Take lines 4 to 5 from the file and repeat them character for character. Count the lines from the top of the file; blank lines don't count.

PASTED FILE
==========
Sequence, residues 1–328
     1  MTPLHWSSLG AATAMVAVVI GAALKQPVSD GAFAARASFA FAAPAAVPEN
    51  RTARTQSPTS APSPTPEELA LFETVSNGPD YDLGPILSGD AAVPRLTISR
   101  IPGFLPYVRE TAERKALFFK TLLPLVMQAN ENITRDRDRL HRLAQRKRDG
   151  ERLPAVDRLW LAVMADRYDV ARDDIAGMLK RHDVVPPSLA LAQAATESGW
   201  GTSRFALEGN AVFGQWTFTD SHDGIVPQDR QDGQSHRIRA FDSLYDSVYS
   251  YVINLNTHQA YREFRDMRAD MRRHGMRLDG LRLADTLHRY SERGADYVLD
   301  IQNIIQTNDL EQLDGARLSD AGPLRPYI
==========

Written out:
   101  IPGFLPYVRE TAERKALFFK TLLPLVMQAN ENITRDRDRL HRLAQRKRDG
   151  ERLPAVDRLW LAVMADRYDV ARDDIAGMLK RHDVVPPSLA LAQAATESGW